Underage boozing and cigs shocker

Colin Shevills
Colin Shevills
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SHOCK new figures show that Sunderland is among one of the worst areas in the country for youngsters experimenting with alcohol and smoking.

A league table released by the Health and Social Care Information Centre revealed that the North East is top of the charts when it comes to children aged 11 to 15 trying booze and smoking.

Health bosses are blaming the Government for not protecting the young by introducing a minimum price for alcohol and bringing in plain packaging for cigarettes.

Almost 7,600 pupils were surveyed as part of the research across 254 schools last year.

It found that 51 per cent of North East pupils said they had tried alcohol, whereas the figure was only 31 per cent in London.

Colin Shevills, director of the North East alcohol office Balance, said: “The figures from the Health and Social Care Information Centre demonstrate once again that the Government’s alcohol strategy is failing.

“It is failing at the expense of public health and, in this case, the wellbeing of children in the region.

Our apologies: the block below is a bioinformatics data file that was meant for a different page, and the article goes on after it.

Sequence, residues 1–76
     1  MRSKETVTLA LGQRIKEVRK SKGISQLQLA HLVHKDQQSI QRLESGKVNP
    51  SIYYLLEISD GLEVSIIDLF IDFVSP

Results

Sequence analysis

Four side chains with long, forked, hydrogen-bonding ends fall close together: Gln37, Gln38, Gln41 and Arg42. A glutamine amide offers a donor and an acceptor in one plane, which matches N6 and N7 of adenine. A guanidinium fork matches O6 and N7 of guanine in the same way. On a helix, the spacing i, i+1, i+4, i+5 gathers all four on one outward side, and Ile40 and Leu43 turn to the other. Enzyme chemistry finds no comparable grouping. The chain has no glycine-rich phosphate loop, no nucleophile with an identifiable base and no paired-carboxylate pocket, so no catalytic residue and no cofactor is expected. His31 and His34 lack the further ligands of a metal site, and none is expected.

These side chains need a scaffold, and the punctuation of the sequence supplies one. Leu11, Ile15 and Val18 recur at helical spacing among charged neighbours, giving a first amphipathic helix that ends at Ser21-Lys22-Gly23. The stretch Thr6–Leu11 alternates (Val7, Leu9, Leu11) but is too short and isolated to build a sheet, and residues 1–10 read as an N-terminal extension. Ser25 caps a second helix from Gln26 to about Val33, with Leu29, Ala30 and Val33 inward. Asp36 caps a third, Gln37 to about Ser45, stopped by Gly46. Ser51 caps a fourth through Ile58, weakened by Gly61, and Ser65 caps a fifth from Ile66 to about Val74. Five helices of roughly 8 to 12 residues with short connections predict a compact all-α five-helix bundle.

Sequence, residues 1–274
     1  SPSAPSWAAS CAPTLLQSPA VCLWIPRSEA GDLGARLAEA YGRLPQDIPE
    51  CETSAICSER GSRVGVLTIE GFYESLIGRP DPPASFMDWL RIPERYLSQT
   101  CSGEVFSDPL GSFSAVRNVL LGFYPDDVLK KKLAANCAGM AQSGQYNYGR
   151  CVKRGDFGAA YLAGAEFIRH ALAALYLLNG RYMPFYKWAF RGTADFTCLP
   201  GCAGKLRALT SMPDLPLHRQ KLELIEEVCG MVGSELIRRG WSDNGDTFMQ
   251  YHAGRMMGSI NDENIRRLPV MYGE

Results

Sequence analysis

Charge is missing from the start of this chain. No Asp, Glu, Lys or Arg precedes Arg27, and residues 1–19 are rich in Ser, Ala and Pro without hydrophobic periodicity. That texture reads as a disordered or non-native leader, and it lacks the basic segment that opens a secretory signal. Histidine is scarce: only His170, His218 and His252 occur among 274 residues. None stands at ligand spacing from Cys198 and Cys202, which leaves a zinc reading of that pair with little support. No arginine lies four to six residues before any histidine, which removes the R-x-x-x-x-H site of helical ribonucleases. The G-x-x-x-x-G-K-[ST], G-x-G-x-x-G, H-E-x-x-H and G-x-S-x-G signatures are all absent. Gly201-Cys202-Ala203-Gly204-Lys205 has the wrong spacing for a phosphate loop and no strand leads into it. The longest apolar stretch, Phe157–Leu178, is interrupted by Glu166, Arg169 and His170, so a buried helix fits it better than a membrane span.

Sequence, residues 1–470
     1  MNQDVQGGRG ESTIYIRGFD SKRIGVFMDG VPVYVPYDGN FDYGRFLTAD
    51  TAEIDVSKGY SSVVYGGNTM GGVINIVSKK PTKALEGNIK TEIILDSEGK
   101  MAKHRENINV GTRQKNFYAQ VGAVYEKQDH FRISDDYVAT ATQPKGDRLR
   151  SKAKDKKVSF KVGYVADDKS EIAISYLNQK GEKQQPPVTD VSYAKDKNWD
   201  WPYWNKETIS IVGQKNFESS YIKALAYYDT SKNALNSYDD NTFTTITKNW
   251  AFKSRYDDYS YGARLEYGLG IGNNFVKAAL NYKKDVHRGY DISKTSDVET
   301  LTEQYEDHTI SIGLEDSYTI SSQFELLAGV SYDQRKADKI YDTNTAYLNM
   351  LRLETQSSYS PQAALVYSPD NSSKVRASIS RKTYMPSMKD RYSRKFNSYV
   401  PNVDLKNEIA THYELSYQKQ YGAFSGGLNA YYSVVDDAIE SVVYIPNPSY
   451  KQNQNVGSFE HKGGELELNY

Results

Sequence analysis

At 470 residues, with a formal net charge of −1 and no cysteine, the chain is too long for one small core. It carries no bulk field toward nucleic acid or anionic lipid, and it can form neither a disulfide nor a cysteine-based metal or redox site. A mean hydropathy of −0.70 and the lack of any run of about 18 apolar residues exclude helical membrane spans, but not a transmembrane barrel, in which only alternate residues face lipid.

“Pocket money prices, widespread availability and heavy marketing have established drinking as a social norm and it is having a harmful effect.

“Here in the North East, we have the highest rate of under-18 alcohol-specific hospital admissions and the highest rate of under-18s in alcohol treatment.

“Only a week ago, the Government shelved plans to introduce a minimum unit price, a measure which would have helped protect vulnerable younger drinkers who are more likely to drink cheap alcohol.

“Despite Government and industry suggestions to the contrary, the evidence base behind the introduction of a minimum unit price is strong and getting stronger.”

The North East also tops the table for the number of children who have tried smoking, with as many as 30 per cent lighting up compared with 22 per cent in the capital, the West Midlands and East Midlands.

Ailsa Rutter, director of anti-smoking group Fresh, said: “This survey shows that smoking in North East children needs tackling further, with the number of 11-15 year olds who have tried smoking the highest in the country at 30 per cent – although the number who smoke regularly has actually dropped down to six per cent.

“There’s still some way to go, as with 9,000 North-East children taking up smoking each year, there are still far too many children becoming addicted to this deadly product.”